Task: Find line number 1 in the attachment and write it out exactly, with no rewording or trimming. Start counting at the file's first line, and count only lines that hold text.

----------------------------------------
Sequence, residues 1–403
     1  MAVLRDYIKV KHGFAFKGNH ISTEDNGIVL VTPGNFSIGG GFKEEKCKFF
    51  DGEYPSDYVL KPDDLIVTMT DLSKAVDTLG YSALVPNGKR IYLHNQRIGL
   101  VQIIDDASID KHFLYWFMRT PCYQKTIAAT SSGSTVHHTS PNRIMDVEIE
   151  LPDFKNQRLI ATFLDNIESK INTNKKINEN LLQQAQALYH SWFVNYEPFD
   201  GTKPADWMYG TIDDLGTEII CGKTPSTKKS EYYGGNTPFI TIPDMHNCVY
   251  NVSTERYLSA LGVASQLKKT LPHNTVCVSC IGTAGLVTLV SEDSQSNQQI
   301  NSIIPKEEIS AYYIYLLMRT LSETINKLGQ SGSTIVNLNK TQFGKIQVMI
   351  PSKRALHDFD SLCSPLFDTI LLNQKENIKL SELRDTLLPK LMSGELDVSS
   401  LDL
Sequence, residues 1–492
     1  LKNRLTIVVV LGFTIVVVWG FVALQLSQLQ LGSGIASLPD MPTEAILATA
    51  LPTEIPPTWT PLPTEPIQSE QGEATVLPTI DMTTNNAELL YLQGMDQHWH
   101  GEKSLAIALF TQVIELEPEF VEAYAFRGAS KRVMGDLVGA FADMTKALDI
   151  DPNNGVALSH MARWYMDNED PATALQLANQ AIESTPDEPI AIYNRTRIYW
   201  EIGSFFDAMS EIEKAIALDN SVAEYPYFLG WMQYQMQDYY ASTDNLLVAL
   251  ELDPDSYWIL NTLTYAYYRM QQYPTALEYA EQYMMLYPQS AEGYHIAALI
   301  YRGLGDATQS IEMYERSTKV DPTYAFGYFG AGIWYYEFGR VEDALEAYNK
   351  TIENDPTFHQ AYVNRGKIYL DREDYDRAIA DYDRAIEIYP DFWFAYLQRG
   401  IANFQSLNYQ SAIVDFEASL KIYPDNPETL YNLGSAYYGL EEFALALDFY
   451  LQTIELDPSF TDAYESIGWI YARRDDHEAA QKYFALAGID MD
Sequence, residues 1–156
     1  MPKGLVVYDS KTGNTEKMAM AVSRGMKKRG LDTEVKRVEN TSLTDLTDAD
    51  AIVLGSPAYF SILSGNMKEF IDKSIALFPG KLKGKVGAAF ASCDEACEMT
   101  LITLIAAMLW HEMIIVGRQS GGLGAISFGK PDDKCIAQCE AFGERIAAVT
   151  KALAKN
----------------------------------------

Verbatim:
Sequence, residues 1–403